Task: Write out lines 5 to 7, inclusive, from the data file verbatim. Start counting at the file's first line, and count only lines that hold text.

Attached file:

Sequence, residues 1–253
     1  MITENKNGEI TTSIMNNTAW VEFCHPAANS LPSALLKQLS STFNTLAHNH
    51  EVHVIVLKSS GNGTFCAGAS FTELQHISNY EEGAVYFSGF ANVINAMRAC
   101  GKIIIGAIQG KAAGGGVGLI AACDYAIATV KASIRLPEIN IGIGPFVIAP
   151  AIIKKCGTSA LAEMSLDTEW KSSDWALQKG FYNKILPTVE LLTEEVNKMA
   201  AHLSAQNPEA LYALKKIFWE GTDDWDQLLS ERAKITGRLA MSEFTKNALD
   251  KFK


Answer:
   151  AIIKKCGTSA LAEMSLDTEW KSSDWALQKG FYNKILPTVE LLTEEVNKMA
   201  AHLSAQNPEA LYALKKIFWE GTDDWDQLLS ERAKITGRLA MSEFTKNALD
   251  KFK